Monitoring your Monitoring on a regular basis will help you keep it under control.
Writing down your symptoms whenever you have them is a good idea. This will provide a good record that will help you and your doctor adjust your treatment over time.
- Try warming-up for about 10 minutes before exercise. A long warmup may help you handle continuous exercise without having to stop repeatedly to take more medicine. Good ways to warm up include walking, doing flexibility exercises, or trying other low-intensity activities.
- Try to avoid your other asthma triggers while exercising. For example, if cold, dry air triggers your asthma, wear a scarf or cold air mask when exercising outdoors in winter.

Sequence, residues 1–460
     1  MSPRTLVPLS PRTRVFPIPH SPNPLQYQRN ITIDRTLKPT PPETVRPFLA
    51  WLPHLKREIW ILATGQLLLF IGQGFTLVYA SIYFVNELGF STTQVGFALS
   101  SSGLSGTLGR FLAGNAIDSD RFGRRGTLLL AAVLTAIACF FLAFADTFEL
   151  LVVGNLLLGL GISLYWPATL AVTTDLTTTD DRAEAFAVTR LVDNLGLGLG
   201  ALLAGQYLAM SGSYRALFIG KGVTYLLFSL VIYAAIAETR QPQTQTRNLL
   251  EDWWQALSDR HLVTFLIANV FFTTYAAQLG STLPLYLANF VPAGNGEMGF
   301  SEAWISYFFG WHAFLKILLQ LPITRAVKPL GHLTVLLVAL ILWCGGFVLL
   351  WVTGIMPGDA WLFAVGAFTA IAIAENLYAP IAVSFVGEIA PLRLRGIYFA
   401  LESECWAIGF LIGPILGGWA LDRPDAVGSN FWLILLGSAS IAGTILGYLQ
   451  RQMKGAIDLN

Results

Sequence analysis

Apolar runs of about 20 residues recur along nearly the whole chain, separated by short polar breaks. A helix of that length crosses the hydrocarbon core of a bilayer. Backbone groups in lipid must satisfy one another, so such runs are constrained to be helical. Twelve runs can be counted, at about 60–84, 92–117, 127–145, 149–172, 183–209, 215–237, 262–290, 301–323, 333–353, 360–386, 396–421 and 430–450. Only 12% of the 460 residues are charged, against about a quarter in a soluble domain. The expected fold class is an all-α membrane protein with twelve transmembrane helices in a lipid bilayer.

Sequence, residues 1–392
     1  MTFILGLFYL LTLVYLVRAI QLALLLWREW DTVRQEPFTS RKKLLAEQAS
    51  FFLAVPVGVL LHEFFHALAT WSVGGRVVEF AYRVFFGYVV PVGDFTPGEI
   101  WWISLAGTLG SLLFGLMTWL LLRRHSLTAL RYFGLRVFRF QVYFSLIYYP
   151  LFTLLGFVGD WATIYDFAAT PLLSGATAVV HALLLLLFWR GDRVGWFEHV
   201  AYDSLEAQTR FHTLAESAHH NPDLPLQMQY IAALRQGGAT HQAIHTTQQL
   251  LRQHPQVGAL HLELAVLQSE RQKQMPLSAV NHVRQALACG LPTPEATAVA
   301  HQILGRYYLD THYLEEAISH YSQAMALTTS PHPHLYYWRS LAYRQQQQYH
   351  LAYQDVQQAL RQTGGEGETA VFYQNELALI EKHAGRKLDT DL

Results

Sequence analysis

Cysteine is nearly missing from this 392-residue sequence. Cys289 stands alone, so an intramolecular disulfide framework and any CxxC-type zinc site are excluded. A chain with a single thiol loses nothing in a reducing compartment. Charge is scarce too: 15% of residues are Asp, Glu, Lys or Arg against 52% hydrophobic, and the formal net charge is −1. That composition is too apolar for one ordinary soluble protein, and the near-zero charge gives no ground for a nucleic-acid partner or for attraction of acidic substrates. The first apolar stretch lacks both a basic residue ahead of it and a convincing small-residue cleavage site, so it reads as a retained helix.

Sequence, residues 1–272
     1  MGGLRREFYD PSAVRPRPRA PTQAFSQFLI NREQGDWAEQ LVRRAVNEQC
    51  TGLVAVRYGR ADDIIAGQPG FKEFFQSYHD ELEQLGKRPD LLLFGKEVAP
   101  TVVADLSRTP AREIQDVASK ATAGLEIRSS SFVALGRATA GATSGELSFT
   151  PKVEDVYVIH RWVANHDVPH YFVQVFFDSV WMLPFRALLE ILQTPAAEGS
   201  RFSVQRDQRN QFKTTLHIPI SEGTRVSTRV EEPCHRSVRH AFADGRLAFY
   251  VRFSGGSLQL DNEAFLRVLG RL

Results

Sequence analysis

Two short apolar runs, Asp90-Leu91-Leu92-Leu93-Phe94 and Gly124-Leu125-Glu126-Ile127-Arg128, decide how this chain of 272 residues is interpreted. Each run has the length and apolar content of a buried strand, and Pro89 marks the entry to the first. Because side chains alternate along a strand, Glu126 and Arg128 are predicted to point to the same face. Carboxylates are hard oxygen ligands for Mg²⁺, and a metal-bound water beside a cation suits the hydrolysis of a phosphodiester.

- If you have been having mild asthma symptoms, consider modifying the intensity or length of the activity you do.
- Try exercising indoors when outside temperatures are extreme, or the ozone level is high. The same is true if you are allergic, and the grass has recently been mowed, or pollen counts are high.
- When first starting to be active, try increasing your level of activity gradually over time.
Remember, asthma should not limit your participation or success in physical activities - even vigorous activities like running for long periods of time or playing basketball or soccer.
Another way to monitor your symptoms is with a peak flow meter. This is a hand-held device that shows how well air moves out of your lungs. Measuring your peak flow can help you tell how well your asthma is controlled. It can also alert you to an oncoming attack hours or even days before you feel symptoms. And during an attack, it can help tell you how bad the attack is and if your medicine is working.
Here are instructions for using a peak flow meter. Don’t forget to ask your doctor to teach you how and when to use it.
Last Updated: Jul 17, 2009